Case summaries are provided for educational purposes only, and are not a substitute for legal advice by a licensed attorney in your jurisdiction. Case law may change over time, so be sure to confirm a case is still good law.
New Hampshire federal court rules that individual who helped arrange sale of a medical business could not collect a commission from the transaction because he did not hold a New Hampshire real estate license and the transaction involved the acquisition of real estate.
Maryland federal court rules that the homebuyers failed to demonstrate standing to bring the RESPA action and also could not equitably toll RESPA’s statute of limitations in a lawsuit brought against a real estate brokerage over alleged kickbacks from a marketing services agreement with a title company.
In a case of first impression, Tennessee’s highest court rules that home inspector did not owe or assume a duty of care to subsequent visitors to the property and so was not liable for guest’s injuries when deck railing collapsed.
Michigan court affirms lower court award in favor of buyers based on alleged misrepresentations by their representative that they would receive an adjoining garden lot that the sellers had sold a year earlier.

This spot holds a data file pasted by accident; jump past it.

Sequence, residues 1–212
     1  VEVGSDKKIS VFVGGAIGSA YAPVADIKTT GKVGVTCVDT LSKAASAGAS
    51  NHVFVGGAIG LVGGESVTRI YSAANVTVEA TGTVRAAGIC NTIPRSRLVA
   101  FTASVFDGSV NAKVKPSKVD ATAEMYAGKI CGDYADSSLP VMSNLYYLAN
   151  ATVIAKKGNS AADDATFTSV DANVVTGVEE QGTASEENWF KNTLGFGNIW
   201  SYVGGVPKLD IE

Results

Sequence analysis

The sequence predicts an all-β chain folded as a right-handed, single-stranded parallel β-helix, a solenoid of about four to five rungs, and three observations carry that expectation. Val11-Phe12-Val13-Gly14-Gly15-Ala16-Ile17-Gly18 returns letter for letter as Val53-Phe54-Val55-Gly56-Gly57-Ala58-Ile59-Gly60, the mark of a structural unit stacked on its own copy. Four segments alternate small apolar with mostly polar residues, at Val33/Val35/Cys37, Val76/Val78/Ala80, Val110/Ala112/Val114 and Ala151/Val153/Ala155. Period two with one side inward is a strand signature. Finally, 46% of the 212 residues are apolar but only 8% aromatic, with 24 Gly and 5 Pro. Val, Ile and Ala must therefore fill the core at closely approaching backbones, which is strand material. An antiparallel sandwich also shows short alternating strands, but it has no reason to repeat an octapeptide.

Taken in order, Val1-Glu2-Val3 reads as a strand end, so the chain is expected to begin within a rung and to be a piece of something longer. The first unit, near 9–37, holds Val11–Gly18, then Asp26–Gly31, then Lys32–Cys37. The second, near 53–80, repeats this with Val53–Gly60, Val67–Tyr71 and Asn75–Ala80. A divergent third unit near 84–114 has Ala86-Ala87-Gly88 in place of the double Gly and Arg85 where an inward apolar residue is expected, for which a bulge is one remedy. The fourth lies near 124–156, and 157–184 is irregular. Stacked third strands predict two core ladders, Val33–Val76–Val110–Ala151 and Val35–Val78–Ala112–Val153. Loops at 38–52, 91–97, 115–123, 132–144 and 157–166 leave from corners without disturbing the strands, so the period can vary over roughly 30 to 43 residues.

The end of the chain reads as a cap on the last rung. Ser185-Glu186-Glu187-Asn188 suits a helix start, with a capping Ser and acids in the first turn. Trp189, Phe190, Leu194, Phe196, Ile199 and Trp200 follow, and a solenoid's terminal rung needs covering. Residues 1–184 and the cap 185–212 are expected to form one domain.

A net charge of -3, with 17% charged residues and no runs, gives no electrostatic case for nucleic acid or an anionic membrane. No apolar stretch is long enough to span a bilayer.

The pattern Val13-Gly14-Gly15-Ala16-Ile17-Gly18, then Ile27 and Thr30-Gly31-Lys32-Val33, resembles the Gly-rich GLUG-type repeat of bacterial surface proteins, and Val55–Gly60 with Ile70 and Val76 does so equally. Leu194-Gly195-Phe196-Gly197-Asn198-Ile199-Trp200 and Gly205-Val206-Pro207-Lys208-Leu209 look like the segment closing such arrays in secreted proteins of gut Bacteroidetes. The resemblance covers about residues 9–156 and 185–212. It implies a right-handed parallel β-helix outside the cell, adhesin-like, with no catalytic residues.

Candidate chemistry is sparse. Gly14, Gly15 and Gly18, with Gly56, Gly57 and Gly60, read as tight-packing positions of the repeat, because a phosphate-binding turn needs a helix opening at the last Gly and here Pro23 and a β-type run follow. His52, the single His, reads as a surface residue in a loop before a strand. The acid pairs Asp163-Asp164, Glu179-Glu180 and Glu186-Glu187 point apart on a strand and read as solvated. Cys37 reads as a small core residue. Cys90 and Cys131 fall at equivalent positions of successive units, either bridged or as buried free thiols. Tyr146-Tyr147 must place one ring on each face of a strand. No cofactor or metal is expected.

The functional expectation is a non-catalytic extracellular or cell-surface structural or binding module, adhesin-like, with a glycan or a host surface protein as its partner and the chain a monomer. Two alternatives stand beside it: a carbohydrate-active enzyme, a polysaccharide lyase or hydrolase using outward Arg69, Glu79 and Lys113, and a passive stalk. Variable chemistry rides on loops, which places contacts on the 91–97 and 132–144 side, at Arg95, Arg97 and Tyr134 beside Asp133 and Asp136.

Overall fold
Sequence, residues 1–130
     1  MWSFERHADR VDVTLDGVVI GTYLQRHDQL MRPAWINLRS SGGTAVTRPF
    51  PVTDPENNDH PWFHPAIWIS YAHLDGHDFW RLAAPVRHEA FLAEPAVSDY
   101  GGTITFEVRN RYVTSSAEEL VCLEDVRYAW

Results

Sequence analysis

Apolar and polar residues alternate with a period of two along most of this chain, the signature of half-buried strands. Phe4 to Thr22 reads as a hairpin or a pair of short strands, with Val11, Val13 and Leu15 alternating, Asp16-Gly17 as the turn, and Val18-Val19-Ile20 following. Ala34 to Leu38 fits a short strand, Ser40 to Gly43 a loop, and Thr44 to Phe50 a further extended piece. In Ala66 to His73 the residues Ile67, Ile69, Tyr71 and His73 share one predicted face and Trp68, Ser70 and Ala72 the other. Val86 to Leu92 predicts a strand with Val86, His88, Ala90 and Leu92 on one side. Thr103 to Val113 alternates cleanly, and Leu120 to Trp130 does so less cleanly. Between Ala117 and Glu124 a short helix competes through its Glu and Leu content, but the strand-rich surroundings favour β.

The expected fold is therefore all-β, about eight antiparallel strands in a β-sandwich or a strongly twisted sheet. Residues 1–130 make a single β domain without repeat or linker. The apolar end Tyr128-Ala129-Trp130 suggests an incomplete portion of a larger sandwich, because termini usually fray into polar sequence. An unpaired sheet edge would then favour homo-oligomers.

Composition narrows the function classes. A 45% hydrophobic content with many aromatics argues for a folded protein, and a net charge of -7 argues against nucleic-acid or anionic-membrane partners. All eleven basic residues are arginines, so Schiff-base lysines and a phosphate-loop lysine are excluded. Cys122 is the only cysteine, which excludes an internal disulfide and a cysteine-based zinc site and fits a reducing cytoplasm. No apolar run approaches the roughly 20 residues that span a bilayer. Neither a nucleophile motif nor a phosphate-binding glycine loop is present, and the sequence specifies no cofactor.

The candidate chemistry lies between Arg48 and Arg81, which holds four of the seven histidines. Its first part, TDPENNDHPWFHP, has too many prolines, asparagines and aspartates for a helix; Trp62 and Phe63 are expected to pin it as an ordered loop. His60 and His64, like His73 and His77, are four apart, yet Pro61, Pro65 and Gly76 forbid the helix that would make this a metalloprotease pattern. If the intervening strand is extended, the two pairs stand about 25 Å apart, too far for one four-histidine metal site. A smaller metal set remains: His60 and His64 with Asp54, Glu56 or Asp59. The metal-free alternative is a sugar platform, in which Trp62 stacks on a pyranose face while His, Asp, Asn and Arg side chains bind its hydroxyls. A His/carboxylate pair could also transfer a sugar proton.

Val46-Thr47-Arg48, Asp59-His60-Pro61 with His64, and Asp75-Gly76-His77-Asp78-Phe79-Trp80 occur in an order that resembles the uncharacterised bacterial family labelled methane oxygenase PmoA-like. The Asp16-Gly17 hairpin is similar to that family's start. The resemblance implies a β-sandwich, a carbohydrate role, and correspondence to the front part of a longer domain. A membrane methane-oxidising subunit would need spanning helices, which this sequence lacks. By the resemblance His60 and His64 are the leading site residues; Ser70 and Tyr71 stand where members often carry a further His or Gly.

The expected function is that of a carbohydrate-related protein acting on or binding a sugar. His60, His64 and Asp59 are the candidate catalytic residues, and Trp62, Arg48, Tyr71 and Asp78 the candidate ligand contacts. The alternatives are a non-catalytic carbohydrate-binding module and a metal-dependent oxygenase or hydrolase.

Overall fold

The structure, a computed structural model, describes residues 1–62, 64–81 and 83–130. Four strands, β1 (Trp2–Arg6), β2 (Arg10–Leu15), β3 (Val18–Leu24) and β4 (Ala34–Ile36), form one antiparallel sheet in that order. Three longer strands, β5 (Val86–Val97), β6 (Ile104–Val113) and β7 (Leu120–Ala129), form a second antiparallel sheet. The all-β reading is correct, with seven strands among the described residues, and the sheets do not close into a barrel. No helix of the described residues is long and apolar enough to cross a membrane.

Illinois appellate court affirms lower court ruling in favor of real estate brokerage that it was not liable for injuries suffered by prospective buyer while visiting the property, finding that salesperson was an independent contractor and therefore not under the control of the firm.
New York appellate court affirms lower court ruling that brokerage acted as an undisclosed dual agent and therefore could not seek a commission from the transaction.
Georgia appellate court reverses jury verdict that held the franchisor vicariously liable for actions of franchisee because there was no evidence to support the verdict against the franchisor.
California appellate court affirms verdict against real estate professional who the court ruled had misstated a property’s square footage.
Kansas federal court upholds jury verdict that determined that a real estate licensee was 85% responsible for the buyer’s losses, which occurred when the buyer transferred purchase money to fake account after licensee allegedly forwarded email containing fake wiring instructions to the buyer.
Pennsylvania court rules that state’s real estate licensing scheme is constitutional and so dismisses challenge brought by part-time property manager who claimed the licensing requirements were overly burdensome.